"You know, Job, an interesting thing is happening in my mind as I try to limn your mental condition in 42:1-6. It is almost as if I need to decide exactly how your mind was affected by God's words to you in 38-41 because, in some ways, I am so using you for my guide or inspiration, my sage in life, that I want what happened to you to happen also to me. Or, to put it differently, what happened to you will, I believe, happen to me. It is such a simple and even simplistic reading of the text, isn't it? That I take what I perceive to be your reaction to God's words and your process of restoration as normative for mine?
When you think about this for a minute, you see how strange the idea might seem. You, Job, had a terribly oppressive challenge but managed to hear and see God differently, which led to your submission and restoration. The meaning of all these terms (such as submission and restoration) is up for grabs now, to be sure, but I have been weighing every Hebrew word to try to figure out exactly what happened to you (as if one could) in order to conclude that this is the way I ought to conceptualize how God relates to all humans as we are trying to rebuild our lives after great distress. Your story is becoming normative for me.
But I need to take a bit of a detour, Job, to show you how prevalent this manner of thinking has been in me for nearly 30 years. Oh, when I first started reading the Bible seriously in the late 1960s I always tried to "apply" the verses to my life. I thought the verses possessed almost magical power in them, and I wanted to internalize their sounds and words, as if I was taking some kind of divinely-given vitamin pill which would help me soar over any obstacle I faced in life. However, it was not until the 1970s and the work of FB Meyer, whose every word I devoured, that I began to take the Biblical characters' lives seriously as guides for my life or, at least, as containing lessons for faithful living. The Bible characters were personalities that instructed. One thing it did for me is that it made me an absolute tiger with the text. I simply KNEW it. That was my motivation.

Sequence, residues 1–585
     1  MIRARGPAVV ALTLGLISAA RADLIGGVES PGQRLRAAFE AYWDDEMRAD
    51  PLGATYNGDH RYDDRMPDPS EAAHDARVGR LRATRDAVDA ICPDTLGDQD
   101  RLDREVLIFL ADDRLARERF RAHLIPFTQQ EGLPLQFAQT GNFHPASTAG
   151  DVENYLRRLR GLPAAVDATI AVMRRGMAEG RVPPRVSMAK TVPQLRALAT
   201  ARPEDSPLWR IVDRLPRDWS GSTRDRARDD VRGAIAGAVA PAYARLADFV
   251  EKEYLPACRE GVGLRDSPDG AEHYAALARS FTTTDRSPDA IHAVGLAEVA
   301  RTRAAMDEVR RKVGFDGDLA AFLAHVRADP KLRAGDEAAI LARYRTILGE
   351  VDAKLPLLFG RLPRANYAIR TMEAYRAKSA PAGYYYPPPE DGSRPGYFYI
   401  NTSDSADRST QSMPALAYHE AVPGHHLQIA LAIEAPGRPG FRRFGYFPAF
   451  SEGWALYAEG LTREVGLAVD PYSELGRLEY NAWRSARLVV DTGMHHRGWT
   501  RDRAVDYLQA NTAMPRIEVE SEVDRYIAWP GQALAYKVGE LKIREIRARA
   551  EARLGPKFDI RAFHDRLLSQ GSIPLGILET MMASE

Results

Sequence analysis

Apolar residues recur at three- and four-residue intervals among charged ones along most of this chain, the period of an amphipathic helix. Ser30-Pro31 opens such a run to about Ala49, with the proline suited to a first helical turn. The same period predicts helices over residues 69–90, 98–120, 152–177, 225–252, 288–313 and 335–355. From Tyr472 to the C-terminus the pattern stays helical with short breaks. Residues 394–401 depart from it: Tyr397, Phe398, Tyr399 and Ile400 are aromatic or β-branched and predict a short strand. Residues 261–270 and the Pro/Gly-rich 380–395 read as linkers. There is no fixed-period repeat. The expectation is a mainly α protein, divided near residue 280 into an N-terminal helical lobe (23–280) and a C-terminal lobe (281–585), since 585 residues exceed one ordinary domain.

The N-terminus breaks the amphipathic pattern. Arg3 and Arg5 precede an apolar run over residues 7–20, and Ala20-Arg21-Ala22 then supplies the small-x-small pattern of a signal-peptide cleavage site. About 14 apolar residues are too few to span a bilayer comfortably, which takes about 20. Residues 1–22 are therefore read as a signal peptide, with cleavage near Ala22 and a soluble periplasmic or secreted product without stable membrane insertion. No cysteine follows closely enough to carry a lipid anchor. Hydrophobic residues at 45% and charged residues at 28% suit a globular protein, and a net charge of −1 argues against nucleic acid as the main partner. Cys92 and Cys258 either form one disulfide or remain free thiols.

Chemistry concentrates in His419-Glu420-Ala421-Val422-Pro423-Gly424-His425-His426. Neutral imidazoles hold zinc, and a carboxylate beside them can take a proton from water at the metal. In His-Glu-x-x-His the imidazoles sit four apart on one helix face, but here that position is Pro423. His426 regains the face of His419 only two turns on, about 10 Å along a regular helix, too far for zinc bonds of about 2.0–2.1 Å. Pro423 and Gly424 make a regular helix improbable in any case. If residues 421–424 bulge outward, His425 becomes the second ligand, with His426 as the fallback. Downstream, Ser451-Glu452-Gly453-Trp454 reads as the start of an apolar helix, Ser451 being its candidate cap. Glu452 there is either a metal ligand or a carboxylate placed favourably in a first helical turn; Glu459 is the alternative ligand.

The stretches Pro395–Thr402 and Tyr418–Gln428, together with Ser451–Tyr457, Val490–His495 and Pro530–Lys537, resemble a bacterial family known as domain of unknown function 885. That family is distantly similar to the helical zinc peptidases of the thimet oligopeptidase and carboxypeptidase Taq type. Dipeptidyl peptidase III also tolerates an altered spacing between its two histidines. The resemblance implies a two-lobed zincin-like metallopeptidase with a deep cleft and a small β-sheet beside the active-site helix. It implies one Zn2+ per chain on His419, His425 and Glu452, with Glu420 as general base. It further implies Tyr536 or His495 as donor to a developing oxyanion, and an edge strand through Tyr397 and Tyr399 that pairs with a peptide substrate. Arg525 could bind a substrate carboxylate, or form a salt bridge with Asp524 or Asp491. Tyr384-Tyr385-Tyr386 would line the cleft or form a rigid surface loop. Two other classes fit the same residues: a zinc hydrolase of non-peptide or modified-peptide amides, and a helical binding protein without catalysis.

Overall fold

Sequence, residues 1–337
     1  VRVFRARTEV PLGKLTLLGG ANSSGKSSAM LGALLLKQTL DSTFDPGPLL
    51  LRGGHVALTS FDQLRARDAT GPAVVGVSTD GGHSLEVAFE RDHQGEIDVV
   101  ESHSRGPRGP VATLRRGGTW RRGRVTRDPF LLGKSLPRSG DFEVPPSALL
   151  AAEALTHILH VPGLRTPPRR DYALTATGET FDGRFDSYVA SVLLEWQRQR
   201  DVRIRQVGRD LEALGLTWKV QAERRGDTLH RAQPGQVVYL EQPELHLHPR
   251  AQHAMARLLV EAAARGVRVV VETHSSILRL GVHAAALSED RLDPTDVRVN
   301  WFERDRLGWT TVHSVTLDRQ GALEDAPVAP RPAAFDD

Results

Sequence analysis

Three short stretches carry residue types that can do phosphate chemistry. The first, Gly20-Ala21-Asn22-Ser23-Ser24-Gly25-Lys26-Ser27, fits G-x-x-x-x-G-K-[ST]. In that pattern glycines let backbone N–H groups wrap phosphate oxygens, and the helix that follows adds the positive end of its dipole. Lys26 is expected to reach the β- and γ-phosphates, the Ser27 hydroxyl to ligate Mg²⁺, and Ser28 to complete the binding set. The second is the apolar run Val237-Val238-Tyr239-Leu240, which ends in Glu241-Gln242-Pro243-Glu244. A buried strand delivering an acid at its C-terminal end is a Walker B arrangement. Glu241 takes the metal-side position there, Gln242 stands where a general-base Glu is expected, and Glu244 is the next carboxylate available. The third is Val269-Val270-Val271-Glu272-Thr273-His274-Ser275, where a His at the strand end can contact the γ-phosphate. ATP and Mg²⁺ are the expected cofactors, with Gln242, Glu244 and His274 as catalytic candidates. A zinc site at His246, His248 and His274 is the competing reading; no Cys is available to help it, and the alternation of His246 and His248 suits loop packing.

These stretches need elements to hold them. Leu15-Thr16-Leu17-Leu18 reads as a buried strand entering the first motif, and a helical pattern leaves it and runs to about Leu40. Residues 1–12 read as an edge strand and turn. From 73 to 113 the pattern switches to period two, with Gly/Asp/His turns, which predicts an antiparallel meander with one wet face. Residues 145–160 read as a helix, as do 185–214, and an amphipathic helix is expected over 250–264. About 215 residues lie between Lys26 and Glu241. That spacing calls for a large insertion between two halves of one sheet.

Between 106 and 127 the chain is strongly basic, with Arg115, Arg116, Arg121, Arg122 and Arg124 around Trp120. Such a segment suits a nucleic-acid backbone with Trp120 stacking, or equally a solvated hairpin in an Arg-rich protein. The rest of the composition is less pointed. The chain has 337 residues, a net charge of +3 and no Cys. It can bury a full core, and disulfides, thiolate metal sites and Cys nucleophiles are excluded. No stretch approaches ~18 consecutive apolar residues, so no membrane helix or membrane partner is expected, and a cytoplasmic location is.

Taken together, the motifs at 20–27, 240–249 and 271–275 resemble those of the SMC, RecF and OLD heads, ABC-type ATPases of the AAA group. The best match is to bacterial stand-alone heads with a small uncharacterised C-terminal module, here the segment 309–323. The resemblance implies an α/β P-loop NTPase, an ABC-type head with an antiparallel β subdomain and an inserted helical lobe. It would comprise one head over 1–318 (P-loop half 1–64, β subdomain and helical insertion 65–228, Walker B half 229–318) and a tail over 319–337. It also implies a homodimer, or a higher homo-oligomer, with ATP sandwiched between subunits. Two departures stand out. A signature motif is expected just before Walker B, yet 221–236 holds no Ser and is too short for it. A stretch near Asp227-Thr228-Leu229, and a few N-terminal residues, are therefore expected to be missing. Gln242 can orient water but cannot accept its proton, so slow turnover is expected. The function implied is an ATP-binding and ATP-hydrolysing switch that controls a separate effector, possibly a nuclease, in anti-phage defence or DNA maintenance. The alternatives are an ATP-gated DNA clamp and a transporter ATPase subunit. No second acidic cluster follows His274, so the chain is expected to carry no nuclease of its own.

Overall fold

I didn't know it at the time, but my view of Biblical characters, going back to my early 20s, was precisely the way that ancient Roman moralists such as Plutarch, or historians such as Livy, saw the lives of ancient people. One could draw moral lessons from their richly described lives. A comparative study of their lives, as Plutarch provided it for us in the Lives would enable us to weigh the wisdom or folly of certain actions by giving us the results of various choices through the lives of great men. Biography, therefore, was morality writ large and made accessible to all people.
Unbeknownst to me, Job, I had accepted that same view of Biblical characters but, because I believed that every Biblical word was God-breathed and therefore possessing eternal value and sacred power, I only wanted to absorb the Biblical words. I didn't immerse myself in Alexander and Caesar and Cato and all the others; I "memorized" the lives of Saul, David, Jeremiah, Abraham, and so forth. This method came to a head for me in the late 1980s, when I was a pastor at Westminster Presbyterian Church, Portland. I became enamored of the Joseph story (Gen 37-50).
Oh, Job, I have so much to say whenever I begin talking to you. I will have to go into the next talk to finish the story, but let me start here. I had become fascinated by Joseph's story of distress and release, of unjust treatment, quiet faith and ultimate deliverance, and wanted to use this story as a basis for my life. I think I saw myself as having gone through some hard times beginning in 1986. I faced defeat after defeat without a way, really, of handling them. So, I turned to Scripture and found the story of Joseph such a welcome tonic that I couldn't help reading and re-reading it to my heart's content.
I decided to take a week-long study leave trip to Pacific School of Religion (Berkeley) in Summer 1989 in order, ostensibly, to study "African Christianity," which was being taught for continuing pastoral education. Indeed, I was interested in the topic, and wanted to hear the Ghanian woman who was teaching it. But I decided also to bring my Hebrew Bible and dictionaries and found myself, after two days in class, spending all my waking hours poring through the Joseph story in Hebrew. I read the whole thing in the three or four days that I had left. And I recall wanting to internalize every morsel of text, every turn of phrase because I was learning the biblical story of a man who faced severe distress, who persevered in faith and who experienced the great acts of God's deliverance. I, too, would be such a person.
Job, so you know what I did? Well, I preached a sermon series on Joseph's life and then I taught an adult education class on it. I think I had already preached the series in the Spring of 1989, thus whetting my appetite even more than if I came at the story "dry," but I know I led the adult education class in my last few weeks at the church in Sept/Oct 1989. One of my attentive elders, who always seemed to like my preaching, called my Joseph sermons "Joseph and the Three Pits." But, in any case, I made Joseph my inseparable companion for a few months, Job, because I felt he had the key to life and to my life.
As I think of it now, Job, I think I may be doing the same thing to you.....Er, I better quit now and think of this some more before I talk to you again....